Brexit: The Impact on Judicial Cooperation in Civil Matters Having Cross-border Implications – A British Perspective

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Table of Contents: I. Introduction. – II. The Europeanisation programme. – III. The United Kingdom opt-in. – IV. The legislative background. – IV.1. The Brussels instruments. – IV.2. The Rome instruments. – V. Brexit. – V.1. Brexit: the political background. – V.2. The European Union (Withdrawal) Bill. – VI. The position of Scotland within the UK in the matter of private international law. – VI.1. The European Union (Withdrawal) Bill and the Scottish devolution settlement. – VII. The prospective regime: what should be the UK’s aim? – VII.1. Unilateralism. – VII.2. Divergence. – VIII. A possible compromise solution: a bespoke UK/EU27 agreement. – VIII.1. The future role and jurisdiction of the CJEU. – IX. An alternative possible compromise solution: a Lugano II template. – IX.1. The role of the CJEU in the Lugano regime. – X. Failing UK/EU27 agreement… – XI. The Hague Conference on Private International Law.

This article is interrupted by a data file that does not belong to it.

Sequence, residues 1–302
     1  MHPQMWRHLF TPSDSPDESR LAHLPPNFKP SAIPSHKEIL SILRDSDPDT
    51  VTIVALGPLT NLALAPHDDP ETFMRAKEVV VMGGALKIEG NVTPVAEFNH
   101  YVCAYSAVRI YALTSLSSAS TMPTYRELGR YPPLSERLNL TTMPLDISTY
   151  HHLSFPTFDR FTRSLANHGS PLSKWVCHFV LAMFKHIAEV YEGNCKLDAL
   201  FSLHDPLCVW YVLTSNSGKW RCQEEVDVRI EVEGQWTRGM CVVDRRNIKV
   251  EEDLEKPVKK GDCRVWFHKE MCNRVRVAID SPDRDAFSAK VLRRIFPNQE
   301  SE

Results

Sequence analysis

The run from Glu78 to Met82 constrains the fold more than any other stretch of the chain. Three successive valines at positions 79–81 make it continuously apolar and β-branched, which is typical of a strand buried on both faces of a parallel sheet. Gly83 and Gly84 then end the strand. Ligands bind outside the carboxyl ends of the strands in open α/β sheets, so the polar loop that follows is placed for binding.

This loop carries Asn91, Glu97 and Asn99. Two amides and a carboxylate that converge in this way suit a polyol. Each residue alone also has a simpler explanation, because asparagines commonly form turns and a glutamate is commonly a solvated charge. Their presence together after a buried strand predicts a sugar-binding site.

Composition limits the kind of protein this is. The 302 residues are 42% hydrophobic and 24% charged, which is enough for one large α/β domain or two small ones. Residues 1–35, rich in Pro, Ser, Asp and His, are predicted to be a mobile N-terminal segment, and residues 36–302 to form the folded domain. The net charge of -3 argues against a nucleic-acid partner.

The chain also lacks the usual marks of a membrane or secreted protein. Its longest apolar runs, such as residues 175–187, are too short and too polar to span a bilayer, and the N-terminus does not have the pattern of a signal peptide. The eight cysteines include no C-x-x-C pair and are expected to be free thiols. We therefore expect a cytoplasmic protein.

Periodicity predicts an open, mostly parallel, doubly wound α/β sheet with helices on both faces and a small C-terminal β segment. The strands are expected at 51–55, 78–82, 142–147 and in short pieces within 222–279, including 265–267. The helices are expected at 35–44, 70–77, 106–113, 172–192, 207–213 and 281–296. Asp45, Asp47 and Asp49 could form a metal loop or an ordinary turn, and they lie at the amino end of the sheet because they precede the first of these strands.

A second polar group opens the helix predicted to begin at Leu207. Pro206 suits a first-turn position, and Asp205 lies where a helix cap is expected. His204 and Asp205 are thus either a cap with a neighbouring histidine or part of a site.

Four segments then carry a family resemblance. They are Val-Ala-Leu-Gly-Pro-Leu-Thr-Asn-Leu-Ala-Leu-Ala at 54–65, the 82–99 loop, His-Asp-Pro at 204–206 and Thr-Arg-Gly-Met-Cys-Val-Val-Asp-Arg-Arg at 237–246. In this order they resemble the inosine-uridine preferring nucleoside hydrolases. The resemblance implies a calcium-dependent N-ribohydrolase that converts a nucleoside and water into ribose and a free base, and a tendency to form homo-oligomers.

Abstract: Professors Crawford and Carruthers comment, from a British perspective, on the possible effects of Brexit upon European civil justice harmonisation measures, with particular reference to the Brussels I Recast, Brussels II bis, Rome I and Rome II Regulations.

Keywords: Brexit – judicial cooperation in civil matters – European Union (Withdrawal) Bill – Scottish devolution – Lugano II – Hague Conference on Private International Law. 

European Papers, Vol. 3, 2018, No 1, pp. 183-202
2499-8249 - doi: 10.15166/2499-8249/196

* Professor Emeritus of International Private Law, University of Glasgow, Scotland,

** Professor of Private Law, University of Glasgow, Scotland,


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